Pig & poultry fishmeal ban?
By Marianne Curtis
FISHMEAL, already excluded from ruminant diets, may also be banned from use in pig and poultry diets next year.
But that might have serious implications for animal productivity and welfare.
Continuing BSE problems on the Continent mean there is pressure to tighten up legislation concerning animal waste by-products which include fishmeal, says NFU input adviser Jonathan Pettit.
"There is a distinct possibility that fishmeal will be banned in pig and poultry diets from Jan 1. This is because procedures to guard against cross contamination with meat and bonemeal are not in place across the Continent."
In the UK, an accurate laboratory test is used to differentiate between fishmeal and meat and bonemeal, says Mr Pettit. "This is routinely used by importers and compounders. But it has not yet been accepted by the EU and approval could take some time, meaning a ban is likely. Our BSE history means we are unlikely to be granted a derogation. "But the UK has strict controls in place and there is no scientific basis for a ban on fishmeal, which has no adverse implications for human or animal health."
In 2000, UK fishmeal consumption amounted to 290,000t, 14% of which went into pig diets, 30% into poultry diets and 10% was fed to ruminants. The rest was fed to farmed fish, says a Fishmeal Information Network spokesperson.
Fishmeal is a particularly important ingredient in diets for pigs weighing up to 30kg, says nutritionist and Aberdeen University lecturer Vernon Fowler. "Animal proteins such as fishmeal or dairy products are more easily digested by young pigs than vegetable proteins.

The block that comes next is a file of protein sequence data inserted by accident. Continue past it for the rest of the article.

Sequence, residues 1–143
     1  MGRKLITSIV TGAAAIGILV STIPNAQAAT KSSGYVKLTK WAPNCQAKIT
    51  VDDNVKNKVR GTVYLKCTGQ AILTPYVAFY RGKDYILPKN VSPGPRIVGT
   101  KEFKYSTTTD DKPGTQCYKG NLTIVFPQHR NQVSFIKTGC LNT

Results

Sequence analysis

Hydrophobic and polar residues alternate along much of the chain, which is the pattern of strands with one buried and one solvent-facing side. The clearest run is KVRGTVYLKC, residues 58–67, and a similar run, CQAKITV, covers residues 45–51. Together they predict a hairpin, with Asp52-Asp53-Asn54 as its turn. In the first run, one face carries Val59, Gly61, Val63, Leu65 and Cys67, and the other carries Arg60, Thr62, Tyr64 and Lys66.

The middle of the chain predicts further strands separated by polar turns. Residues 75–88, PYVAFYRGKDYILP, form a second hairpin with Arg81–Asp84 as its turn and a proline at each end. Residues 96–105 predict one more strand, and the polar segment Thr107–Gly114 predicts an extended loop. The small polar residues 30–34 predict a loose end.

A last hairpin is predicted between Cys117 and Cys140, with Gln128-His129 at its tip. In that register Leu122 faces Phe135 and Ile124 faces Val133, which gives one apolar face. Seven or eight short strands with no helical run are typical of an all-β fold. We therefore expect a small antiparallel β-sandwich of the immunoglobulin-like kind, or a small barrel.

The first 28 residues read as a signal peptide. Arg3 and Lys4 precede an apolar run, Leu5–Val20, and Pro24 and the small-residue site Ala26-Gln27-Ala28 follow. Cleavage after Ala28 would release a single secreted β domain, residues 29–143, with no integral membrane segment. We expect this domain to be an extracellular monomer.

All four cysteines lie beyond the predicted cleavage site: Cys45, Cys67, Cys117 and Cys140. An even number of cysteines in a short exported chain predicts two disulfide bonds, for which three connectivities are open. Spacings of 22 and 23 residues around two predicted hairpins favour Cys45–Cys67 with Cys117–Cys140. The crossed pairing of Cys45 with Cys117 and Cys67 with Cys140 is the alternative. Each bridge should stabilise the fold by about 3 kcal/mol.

"As the European milk mountains have disappeared, dairy products have become scarce for use in animal feed, so fishmeal has replaced them. Fishmeal inclusion rates can be up to 15% in young pig diets, but are usually about 10%. It provides a digestible source of amino acids and minerals, particularly phosphate."
Although young pig diets could be formulated without using fishmeal, pigs would perform less well and alternative diets could compromise their immune system, says Dr Fowler.
"Formulations would require more use of synthetic amino acids, which are expensive, and highly refined vegetable proteins such as soya bean isolates. Vegetable proteins contain a factor which causes an allergic response in young pigs. Another option would be to wean pigs at an older age."
Removing fishmeal from young pig diets would increase cost by about £3-£4/t and reduce feed conversion efficiency by 3-4%, says ABN pig technical manager Simon Record.
"Should fishmeal be banned we will lose a useful raw material purely based on suspicions of fishmeal adulteration on the Continent, which does not happen in this country."
In poultry diets, achieving the correct amino acid balance without overdoing crude protein content will be difficult in the absence of fishmeal, says manager of ADAS Gleadthorpes poultry research team Andrew Walker. "Too much crude protein reduces food conversion efficiency. It can also mean broilers have to drink more water to flush excess nitrogen from the system. This can lead to litter problems and hock burn which means birds are downgraded at slaughter plants."
There is also anecdotal evidence that fishmeal helps prevent behavioural vices in layers, he says. "Producers like to include it in diets because it seems to reduce aggression and feather pecking in laying hens, although there is no scientific evidence for this."
As with pig diets, if fishmeal was banned, there could be heavier reliance on synthetic amino acids, which might prove a problem for organic producers, who are not allowed to use these, adds Mr Walker. *